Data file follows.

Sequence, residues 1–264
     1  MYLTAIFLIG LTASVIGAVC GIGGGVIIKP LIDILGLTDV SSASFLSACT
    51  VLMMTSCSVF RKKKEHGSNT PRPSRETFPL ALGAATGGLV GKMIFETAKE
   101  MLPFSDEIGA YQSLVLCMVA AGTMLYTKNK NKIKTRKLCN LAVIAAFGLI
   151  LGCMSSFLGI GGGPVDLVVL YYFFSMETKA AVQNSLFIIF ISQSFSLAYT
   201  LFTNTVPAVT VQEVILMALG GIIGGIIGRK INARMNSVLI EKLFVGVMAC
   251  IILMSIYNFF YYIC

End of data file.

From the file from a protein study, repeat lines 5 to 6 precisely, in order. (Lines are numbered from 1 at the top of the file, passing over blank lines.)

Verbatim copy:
   151  LGCMSSFLGI GGGPVDLVVL YYFFSMETKA AVQNSLFIIF ISQSFSLAYT
   201  LFTNTVPAVT VQEVILMALG GIIGGIIGRK INARMNSVLI EKLFVGVMAC